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Afghanistan: the pace of withdrawals accelerates; House letter supporting that action
On February 1, Secretary of Defense Leon Panetta announced that the United States will end its combat missions in Afghanistan by “mid- to the latter part of 2013.”
This announcement – whether intended by the Obama Administration at this time is not clear – marks a welcome and accelerated withdrawal timetable. Previously, combat operations were supposed to end in 2014.
The New York Times called the pronouncement “a major milestone toward ending a decade of war in Afghanistan.”
The sooner American military forces exit from Afghanistan – after spending so many lives and treasure – the better.
This step was pressed for in amendments offered last year in the Senate by Jeff Merkley (D-OR) and in the House by Jim McGovern (D-MA) and Walter Jones (R-NC).
Many questions still remain. While Sec. Panetta has indicated a shift towards an "training, advice and assist" role, there has been too little clarity on what this means, including whether there will be what Panetta calls “an enduring presence” in Afghanistan that could continue for years and what will be the actual timetable for the withdrawal.
In support of the Administration’s decision, a bipartisan group of six House members is circulated for signatures a letter to go to President Obama.
The 20 signers thus far as of 2/8 are (and this list will be updated daily):
Justin Amash (MI)
Bruce Braley (IA)
Lois Capps (CA)
Judy Chu (CA)
John Conyers, Jr. (MI)
Jimmy Duncan, Jr. (TN)
Sam Farr (CA)
John Garamendi (CA)
Raul Grijalva (AZ)
Janice Hahn (CA)
Martin Heinrich (NM)
Jesse Jackson, Jr. (IL)
Walter Jones (NC)
Barbara Lee (CA)
John Lewis (GA)
Ben Ray Luján (NM)
Jim McGovern (MA)
Gary Peters (MI)
Henry Waxman (CA)
Lynn Woolsey (CA)
The letter follows:
The Honorable Barack Obama
The White House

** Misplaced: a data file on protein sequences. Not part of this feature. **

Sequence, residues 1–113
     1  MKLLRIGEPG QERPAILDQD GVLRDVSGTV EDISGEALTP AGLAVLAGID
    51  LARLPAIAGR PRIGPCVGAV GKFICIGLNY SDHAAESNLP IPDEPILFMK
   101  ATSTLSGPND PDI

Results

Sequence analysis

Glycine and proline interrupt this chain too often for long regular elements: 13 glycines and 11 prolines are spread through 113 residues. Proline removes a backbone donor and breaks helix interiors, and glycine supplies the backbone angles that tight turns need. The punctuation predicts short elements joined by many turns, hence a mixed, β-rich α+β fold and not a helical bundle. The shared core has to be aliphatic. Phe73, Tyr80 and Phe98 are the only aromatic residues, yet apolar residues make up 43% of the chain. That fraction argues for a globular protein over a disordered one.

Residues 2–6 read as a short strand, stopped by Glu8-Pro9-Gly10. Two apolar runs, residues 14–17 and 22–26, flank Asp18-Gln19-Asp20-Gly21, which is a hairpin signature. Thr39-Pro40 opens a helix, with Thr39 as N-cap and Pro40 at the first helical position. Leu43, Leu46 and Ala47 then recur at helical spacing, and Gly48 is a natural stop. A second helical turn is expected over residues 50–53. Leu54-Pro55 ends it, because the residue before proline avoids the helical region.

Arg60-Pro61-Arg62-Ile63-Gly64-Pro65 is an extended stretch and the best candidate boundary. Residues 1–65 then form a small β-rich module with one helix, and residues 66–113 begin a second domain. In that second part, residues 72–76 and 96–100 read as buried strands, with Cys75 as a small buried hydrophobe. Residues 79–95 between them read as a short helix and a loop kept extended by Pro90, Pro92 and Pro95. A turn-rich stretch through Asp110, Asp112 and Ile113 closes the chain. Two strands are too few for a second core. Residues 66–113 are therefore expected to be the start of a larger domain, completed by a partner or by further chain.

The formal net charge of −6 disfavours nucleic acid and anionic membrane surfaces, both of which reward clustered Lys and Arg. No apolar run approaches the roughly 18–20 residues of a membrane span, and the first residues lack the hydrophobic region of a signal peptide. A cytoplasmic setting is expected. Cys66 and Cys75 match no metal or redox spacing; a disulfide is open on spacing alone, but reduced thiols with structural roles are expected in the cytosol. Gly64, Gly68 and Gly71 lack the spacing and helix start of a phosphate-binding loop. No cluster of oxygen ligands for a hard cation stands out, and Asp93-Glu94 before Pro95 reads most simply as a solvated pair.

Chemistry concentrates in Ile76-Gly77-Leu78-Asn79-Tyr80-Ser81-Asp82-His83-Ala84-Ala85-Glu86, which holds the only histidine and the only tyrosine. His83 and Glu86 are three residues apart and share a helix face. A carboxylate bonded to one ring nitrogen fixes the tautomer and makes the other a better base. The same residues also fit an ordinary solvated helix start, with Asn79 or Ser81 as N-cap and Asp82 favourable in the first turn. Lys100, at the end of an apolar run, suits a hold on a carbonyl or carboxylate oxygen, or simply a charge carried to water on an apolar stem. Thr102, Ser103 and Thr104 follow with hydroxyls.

1600 Pennsylvania Avenue NW
Washington, D.C. 20500
Dear Mr. President,
We write to express our support for the Administration’s announcement on February 1st that the United States will complete combat operations in Afghanistan by the end of next year.
From information reported in the media, the U.S. intends to transition from major combat operations in Afghanistan to a “training, advice and assist role” by the middle-to-latter part of 2013. We applaud this announcement by Secretary of Defense Leon Panetta to accelerate the transition away from combat operations, and it provides assurance that the timeframe outlined in your 2009 speech at West Point will be carried out. As you know, many of us support an even more rapid withdrawal of all our troops from Afghanistan.
The majority of Americans want a safe and orderly military withdrawal from Afghanistan as quickly as possible, as recent public opinion polls indicate. The desire by the American people for an accelerated transition in Afghanistan was reflected in votes taken in Congress last year, in both the U.S. House of Representatives and the U.S. Senate during their respective debates on amendments offered by Representatives McGovern and Jones and by Senator Merkley to the FY 2012 National Defense Authorization Act. These votes show there is strong bipartisan political support to take bold steps regarding U.S. policy in Afghanistan.
The past 10 years have cost America dearly in the blood and sacrifice of our military servicemen and women and their families, and in our nation’s fiscal health and security. The United States intervened in Afghanistan to destroy al Qaeda’s safe haven, remove th Taliban government that sheltered al Qaeda, and pursue those who planned the September 11th attacks on the United States; those objectives have largely been met and no longer require a large presence of combat troops in Afghanistan. While questions remain about the details of the announced transition – when and how quickly U.S. troops will be coming home, the number and purpose of troops that might remain in Afghanistan and for how long a period, the costs and the savings of accelerating the completion of combat operations – the February 1st announcement clearly signals that now is the moment to initiate the transition, end the war in Afghanistan and bring our troops home.
Members of Congress